K (number of categories) – m – 1

K = 4 : Since we have 4 categories.

m = 1 : Since the Poisson distribution has one parameter.

Since P-value is not less than alpha (=0.05), we can’t reject the null hypothesis (H0).

## Calculating P-value By The CHISQ.TEST Function In Excel

### The CHISQ.TEST Function

The CHISQ.TEST function in Excel helps us find the P-value in the Chi-square test by using the following syntax:

CHISQ.TEST(actual_range, expected_range)

Actual range: The values that are recorded by collecting sample data.

expected_range: The values that we were expecting in our data based on the population.

### Step 1: Finding the Expected Range:

The formula for calculating the expected value for the i-th row and the j-th cell is: Picture 7 – Expected value formula for chi-square tests of independence and homogeneity

Where R and C respectively represent the i-th row total and the j-th column total values.

### Step 2: Finding The P-value:

The CHISQ.TEST function we mentioned earlier enables us to directly find the P_value without manually calculating the chi-square test statistic. Still, we can’t use it to calculate the P-value when the frequencies in our sample data are distributed under a distribution with m unidentified parameters in the goodness of fit test like the example we saw earlier.

The reason for this is that the CHISQ.TEST function was originally intended for the chi-square tests of independence and homogeneity. Therefore, when the probability distribution of our data has several (m) unidentified parameters, the CHISQ.TEST function doesn’t use them in its internal implementations.

### Step 3: Comparing the P-value with Alpha:

As with all hypothesis tests, if the P-value is less than alpha, we conclude that the null hypothesis is incorrect and should be rejected.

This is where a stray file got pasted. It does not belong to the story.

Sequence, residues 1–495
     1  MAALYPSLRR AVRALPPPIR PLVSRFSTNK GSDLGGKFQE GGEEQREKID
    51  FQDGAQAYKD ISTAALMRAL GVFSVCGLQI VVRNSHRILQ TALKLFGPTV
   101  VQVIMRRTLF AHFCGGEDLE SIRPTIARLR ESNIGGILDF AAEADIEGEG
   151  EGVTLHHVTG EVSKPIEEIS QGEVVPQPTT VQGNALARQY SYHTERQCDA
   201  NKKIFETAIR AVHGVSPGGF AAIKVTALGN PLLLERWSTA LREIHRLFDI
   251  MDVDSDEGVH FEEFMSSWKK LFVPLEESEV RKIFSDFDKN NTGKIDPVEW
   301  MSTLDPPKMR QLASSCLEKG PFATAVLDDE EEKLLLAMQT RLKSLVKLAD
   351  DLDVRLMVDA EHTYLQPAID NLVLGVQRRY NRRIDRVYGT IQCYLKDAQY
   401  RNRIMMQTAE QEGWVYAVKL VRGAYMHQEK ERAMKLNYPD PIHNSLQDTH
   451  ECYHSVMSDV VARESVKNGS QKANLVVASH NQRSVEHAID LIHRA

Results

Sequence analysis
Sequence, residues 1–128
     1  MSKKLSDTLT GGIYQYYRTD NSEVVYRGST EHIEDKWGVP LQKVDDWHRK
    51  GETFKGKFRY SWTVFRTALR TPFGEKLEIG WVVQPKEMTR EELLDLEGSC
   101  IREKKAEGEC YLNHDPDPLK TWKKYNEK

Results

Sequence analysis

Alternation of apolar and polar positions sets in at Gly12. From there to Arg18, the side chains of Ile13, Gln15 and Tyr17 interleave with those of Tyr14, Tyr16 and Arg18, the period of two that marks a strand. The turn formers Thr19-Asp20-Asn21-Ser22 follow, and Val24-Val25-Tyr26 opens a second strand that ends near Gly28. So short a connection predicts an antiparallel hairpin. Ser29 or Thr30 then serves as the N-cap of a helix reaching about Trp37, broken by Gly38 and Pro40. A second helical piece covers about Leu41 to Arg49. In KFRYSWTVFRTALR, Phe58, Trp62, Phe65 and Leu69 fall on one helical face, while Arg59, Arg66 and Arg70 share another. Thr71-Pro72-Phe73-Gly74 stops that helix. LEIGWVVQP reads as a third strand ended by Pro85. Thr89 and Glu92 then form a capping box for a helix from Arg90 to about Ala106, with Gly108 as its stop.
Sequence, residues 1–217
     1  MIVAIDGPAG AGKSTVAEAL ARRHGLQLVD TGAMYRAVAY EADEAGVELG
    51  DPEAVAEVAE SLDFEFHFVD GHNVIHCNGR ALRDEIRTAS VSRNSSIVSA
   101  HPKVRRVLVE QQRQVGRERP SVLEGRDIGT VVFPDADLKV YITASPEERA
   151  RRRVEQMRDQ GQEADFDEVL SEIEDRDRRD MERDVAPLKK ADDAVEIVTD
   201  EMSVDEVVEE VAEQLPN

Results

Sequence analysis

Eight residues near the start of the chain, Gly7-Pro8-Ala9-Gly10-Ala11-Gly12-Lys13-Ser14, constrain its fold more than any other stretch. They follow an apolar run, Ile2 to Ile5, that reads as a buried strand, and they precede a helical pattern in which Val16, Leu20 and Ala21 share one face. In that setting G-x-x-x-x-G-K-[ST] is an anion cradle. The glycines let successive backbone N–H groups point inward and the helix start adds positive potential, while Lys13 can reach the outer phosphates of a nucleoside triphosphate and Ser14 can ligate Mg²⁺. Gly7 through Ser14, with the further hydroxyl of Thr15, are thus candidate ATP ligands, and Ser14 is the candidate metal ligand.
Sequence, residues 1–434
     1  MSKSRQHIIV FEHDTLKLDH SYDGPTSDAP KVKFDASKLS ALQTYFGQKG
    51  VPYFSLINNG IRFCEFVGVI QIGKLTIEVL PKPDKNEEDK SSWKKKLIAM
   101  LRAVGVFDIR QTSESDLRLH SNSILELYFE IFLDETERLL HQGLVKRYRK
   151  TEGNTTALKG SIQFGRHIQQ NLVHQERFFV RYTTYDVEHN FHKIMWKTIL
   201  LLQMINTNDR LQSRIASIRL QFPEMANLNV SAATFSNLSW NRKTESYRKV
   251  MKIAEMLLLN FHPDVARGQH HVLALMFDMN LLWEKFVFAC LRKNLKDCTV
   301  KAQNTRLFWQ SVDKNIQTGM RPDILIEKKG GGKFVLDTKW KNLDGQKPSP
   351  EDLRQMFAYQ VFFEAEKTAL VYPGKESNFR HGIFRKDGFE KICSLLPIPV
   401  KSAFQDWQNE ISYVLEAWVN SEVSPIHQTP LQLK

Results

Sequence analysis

Let’s take a look at an example for finding the P-value.

### Example of Chi-Square’s Test of Independence In Excel:

Suppose we have collected a data sample that consists of 2000 people (1000 females and 1000 males) and asked them about their stance on a reform bill to see whether there is a relationship between gender and the stance of people in the matter.

H0: There is no relationship between gender and political stance.H1: There is a significant relationship between gender and political stance.

Since P-value is less than alpha (=0.05), we reject the null hypothesis (H0).

There is no difference in calculations of chi-square tests of homogeneity and independence, and the same procedure and function are used for the homogeneity test. The only difference is that in a homogeneity test, the data can be collected from more than one population to see whether a single variable’s distribution remains the same.

## Conclusion

If you have read this blog so far, now you know what the chi-square test is and how to perform different types of it in Excel. I explained two methods. The CHISQ.TEST function approach would always work for the independence and homogeneity test. The CHISQ.DIST.RT Function approach is a more in-depth statistical method that ensures the goodness of fit test is done correctly.